Minister of Justice Abdellatif Ouahbi said that he will no longer engage in further dialogue with the Moroccan Bars Association and its president, Abdelouahed Al Ansari.
Ouahbi spoke on a number of issues plaguing the judicial sector on Tuesday, during a discussion on the sub-budget of the Ministry of Justice within the Justice and Legislation Committee of the House of Representatives
Ouahbi revisited the issue of his troubled relationship with the association, due to ongoing disagreements on his proposed draft law concerning the legal profession.
The minister said that his stance is not against lawyers as a whole but rather against the president of the association.
The minister emphasized that he has maintained communication with practicing lawyers but has refrained from further discussions with the Bars Association and its president.
Ouahbi explained that legally, “the head representative of the regional bar association is the official responsible, and the association was established under Decree 58 for public freedoms. We gave them a chance, but they didn’t understand me, so I decided not to sit with them because I cannot discuss the lawyers’ law for 30 years.”
Ouahbi further said that the law in question does not exclusively pertain to lawyers but encompasses judges, civil servants, and other professionals. Ouahbi argued against the notion that the law should be drafted by lawyers themselves.
“I practice law, but I will not tailor the law to the lawyers; I will craft a law for the profession and not to please anyone,” said the minister. He added “There are judges, magistrates, and notaries in this country, so everyone brings the law they want, I suppose, and I’m expected to convey it! Have I become a mail carrier in my last days? With all due respect to mail carriers.”
The minister explained that they have considered the views of the Bar Association but emphasized that there are other institutions whose perspectives should also be taken into account.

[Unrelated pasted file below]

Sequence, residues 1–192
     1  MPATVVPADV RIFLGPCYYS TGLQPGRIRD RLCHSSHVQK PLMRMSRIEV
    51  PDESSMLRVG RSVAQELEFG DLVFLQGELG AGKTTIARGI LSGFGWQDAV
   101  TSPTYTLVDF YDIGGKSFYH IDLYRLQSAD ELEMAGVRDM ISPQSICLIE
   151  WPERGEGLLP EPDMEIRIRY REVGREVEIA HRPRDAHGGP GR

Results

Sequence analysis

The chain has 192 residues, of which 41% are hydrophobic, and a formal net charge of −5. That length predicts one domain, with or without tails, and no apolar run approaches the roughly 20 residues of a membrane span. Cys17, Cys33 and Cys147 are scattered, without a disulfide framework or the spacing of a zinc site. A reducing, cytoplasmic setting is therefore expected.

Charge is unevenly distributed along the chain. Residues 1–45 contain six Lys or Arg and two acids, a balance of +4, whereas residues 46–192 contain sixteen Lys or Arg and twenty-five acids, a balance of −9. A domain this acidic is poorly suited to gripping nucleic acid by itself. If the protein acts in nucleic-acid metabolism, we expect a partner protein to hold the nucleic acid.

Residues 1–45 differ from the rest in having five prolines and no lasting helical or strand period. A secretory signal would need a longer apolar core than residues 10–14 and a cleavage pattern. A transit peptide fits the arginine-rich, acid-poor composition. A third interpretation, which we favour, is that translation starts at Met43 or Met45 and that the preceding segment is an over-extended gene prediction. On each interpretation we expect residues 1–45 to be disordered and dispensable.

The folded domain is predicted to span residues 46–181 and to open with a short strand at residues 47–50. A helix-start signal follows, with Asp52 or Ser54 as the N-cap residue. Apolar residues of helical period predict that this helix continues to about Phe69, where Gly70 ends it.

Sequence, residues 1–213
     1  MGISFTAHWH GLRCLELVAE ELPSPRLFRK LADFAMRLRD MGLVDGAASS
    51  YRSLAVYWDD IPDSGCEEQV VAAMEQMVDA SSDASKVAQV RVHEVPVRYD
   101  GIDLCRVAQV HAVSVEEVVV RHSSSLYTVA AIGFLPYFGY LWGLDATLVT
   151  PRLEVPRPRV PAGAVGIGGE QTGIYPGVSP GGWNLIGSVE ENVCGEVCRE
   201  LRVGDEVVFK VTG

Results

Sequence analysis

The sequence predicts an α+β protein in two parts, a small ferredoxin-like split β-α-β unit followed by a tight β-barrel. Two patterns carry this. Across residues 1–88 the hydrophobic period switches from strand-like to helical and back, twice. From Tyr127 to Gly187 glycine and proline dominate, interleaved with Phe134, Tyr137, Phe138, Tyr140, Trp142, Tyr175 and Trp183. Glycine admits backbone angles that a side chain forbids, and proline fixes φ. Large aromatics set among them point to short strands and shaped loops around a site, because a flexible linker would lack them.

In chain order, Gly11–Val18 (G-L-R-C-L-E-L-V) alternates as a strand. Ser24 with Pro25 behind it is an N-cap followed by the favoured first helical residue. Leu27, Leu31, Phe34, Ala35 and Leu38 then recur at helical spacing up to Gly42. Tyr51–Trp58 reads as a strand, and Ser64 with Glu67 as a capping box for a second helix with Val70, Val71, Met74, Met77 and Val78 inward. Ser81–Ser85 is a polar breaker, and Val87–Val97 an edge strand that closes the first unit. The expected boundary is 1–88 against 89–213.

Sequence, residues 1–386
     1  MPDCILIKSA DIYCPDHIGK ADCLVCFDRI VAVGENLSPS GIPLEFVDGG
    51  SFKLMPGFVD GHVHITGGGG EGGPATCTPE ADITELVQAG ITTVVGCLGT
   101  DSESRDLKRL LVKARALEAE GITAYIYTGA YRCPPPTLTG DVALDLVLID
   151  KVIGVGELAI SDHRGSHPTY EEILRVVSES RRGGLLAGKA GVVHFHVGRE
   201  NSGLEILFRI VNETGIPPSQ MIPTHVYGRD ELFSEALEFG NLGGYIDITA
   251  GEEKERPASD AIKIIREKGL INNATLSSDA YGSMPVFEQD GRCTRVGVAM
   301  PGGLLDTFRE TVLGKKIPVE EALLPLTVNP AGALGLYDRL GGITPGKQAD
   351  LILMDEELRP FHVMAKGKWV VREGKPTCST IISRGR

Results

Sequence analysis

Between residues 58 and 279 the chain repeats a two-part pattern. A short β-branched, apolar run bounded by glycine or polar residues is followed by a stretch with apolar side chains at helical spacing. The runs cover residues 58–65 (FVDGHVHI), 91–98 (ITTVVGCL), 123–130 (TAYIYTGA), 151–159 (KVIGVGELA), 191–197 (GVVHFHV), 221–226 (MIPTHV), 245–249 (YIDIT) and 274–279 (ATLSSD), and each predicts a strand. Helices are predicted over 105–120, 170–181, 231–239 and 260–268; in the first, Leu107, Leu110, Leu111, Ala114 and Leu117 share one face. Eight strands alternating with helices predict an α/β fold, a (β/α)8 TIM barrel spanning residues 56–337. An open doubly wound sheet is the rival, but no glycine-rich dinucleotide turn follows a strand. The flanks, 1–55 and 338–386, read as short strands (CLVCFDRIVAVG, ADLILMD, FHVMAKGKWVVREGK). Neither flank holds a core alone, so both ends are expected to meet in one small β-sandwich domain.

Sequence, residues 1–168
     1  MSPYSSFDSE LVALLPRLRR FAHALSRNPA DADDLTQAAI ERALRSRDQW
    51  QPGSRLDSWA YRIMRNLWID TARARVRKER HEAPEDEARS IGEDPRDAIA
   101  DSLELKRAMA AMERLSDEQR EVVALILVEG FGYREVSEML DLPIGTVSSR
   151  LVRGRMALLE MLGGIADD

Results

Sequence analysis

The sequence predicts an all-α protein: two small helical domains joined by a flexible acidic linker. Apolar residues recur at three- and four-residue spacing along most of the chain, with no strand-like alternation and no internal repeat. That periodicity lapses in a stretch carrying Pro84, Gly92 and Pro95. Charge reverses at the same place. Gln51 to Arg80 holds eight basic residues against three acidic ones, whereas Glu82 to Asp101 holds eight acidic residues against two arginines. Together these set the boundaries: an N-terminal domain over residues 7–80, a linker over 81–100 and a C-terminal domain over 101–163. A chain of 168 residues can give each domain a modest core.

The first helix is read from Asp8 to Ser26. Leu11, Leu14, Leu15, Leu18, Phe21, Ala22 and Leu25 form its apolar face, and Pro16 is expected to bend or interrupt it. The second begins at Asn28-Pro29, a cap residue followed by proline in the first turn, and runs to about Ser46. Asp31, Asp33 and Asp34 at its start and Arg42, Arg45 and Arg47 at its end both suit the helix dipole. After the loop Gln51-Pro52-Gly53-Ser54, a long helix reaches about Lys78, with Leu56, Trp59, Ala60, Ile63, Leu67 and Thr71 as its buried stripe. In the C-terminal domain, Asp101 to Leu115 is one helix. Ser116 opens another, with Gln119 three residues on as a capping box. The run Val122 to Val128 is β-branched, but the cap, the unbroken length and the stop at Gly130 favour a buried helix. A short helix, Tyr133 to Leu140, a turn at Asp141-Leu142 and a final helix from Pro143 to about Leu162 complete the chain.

Ouahbi stated that holding further meetings with the Bar Association would not yield new insights as they would likely reiterate previous comments.
Regarding the procedure for the draft law, Ouahbi clarified that it involves the Ministry drafting the law, which is then submitted to the government’s general secretariat for approval before being presented to Parliament for final approval.
Ouahbi made it clear that lawyers do not have a special procedure allowing them to influence this process. He stated that “I listened to them, and that’s it; they won’t be the ones to legislate.”
In terms of legal education, Ouahbi discussed the establishment of a dedicated institute that would annually produce 160 lawyers.
The minister also proposed expanding the profession to include legal notaries with a Ph.D. who have worked in the field for a decade, as well as legal officials in the government secretariat. The aim is to enrich the legal profession and open it up to a broader pool of candidates.
Ouahbi further emphasized that lawyers who cannot accept competition will not succeed in the field, and those who misuse the law for personal or closed-circle interests do not represent true lawyers.
Regarding the alternative sanctions law that faced sharp criticism from the General Delegate of Prison Administration and Rehabilitation, Ouahbi firmly stated “If alternative sanctions help just one Moroccan, I’ll implement them.”
The minister continued, “It doesn’t matter if the results are positive or not; it depends on our ability to be creative and find ways to ease the burden on people. It’s a challenge.”
Ouahbi made it clear that he didn’t introduce alternative sanctions to relieve pressure on people. “It’s just one of the means,” he said.
Ouahbi questioned the members of the parliament, asking them “why are there so few pardon requests at my ministry, and so few conditional release requests at my disposal? We search for requests to process, but we can’t find them.”
The minister pointed out, “The law has given the Public Prosecution the right to request, and prison directors have the right to request, so why don’t we receive the requests?”
The minister acknowledged that the Ministry of Justice faces significant challenges in terms of human resources, noting that many first-instance courts will open next year due to the simultaneous graduation of a new cohort of judges in July.